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The Right CutsFacebooktwitterlinkedinmail

I really shouldn’t be upset. No one forced me to watch the current version of Marathon Man. I rather expected, more than forty years since creating the movie and thirty after my demise, that filmmakers and the industry would be even more barbaric than during my twilight period. Instead, they – the anonymous censors – have snipped away some delightful scenes of my drilling raw nerves in the teeth of Dustin Hoffman as he sits bound in my diabolical dental chair.

No actor wants to see his fine work swept up and tossed under the lid of an antiseptic metal wastebasket. And I must tell you, I cherish even pretending to send electrical agony through the mouth and brain of my fellow thespian. You may have heard an account, also heavily edited, of what we say to each other on the set. For three days Dustin has been arriving unbathed, hollow-eyed, and manic, and I ask him, “Whatever is the matter with you, dear boy?”

“I’ve been starving myself and staying up all night to get ready for these scenes.”

“Why don’t you simply try acting?”

That’s where most accounts stop. In fact, Dustin continues, “I make my scenes realistic, not like your dated and bombastic bullshit.”

“You’re a sniveling little boy far too much like the characters he plays.”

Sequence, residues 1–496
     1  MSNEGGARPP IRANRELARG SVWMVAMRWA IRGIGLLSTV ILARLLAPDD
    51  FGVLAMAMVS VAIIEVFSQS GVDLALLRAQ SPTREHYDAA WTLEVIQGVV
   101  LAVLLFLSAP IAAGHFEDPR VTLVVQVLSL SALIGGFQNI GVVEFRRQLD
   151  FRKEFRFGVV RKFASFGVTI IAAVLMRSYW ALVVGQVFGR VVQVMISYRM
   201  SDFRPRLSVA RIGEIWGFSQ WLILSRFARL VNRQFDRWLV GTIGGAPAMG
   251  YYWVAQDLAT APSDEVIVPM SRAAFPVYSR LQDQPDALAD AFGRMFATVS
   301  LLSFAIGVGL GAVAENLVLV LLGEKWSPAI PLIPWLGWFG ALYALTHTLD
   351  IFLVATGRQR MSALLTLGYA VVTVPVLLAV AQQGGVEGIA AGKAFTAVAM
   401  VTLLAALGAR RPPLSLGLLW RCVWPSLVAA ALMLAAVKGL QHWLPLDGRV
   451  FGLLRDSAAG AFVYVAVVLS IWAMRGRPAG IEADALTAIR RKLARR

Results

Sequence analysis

“In fifty years I’ll still be celebrated. You’ll be irrelevant.”

“Get in the highchair, method actor, and let history determine whom it prefers.”

I want to throttle the little bastard or at least storm off the set. Other than my wife, Vivien Leigh, no one but Marilyn Monroe has publicly spoken to me so disrespectfully. Alas, my electric drill isn’t plugged in – the motorized sound being elsewhere generated – but I clang Dustin’s upper incisors and say, “Oops, I’m so very sorry.”

He never does tell me where my diamonds are. That’s because he doesn’t know.

I won’t blame Dustin for my next concern. Director Franklin Schaffner, or whomever has final editorial control, simply gets swept away by dramatic ambition when I enter a Manhattan jewelry store to learn the approximate value of my blood diamonds. It seems destined when one of my Auschwitz victims notices me at the jewelry case. The old man, unsure at first, figures out who I am and follows outside as I hastily walk away. Credibility weakens when yet a second victim, an elderly woman, spies me and begins stalking and denouncing me from the other side of the street until she tries to cross and is hit by a car. The old man soon catches me but I slash his throat with the long knife lurking in my coat sleeve. One confrontation would be dramatic. Two almost prompt a chuckle.

In the ultimate scene Dustin, his teeth no doubt throbbing, enjoys pointing a gun and throwing my briefcase of diamonds at me, sending many gems into water below our subterranean service bridge. He insists that I also eat the diamonds. I resist but finally swallow one before moving toward Dustin who clumsily drops his gun. I’d stab the dear boy but he throws the diamonds into water and in a panic I fall down winding steel steps and immolate myself.

When viewing this climax I’m not quite as moved as expected because the lingering slash of the old man’s throat should be cut. The old woman and her sudden demise need to be altogether excised, leaving the old man to confront me. How shall I overcome him and thus proceed to my showdown with Dustin? Very well, with only one death camp victim, I suppose it’s all right to let me rip him.

This entry was posted in Auschwitz, Dustin Hoffman, Holocaust, Laurence Olivier, Movies, Vivien Leigh.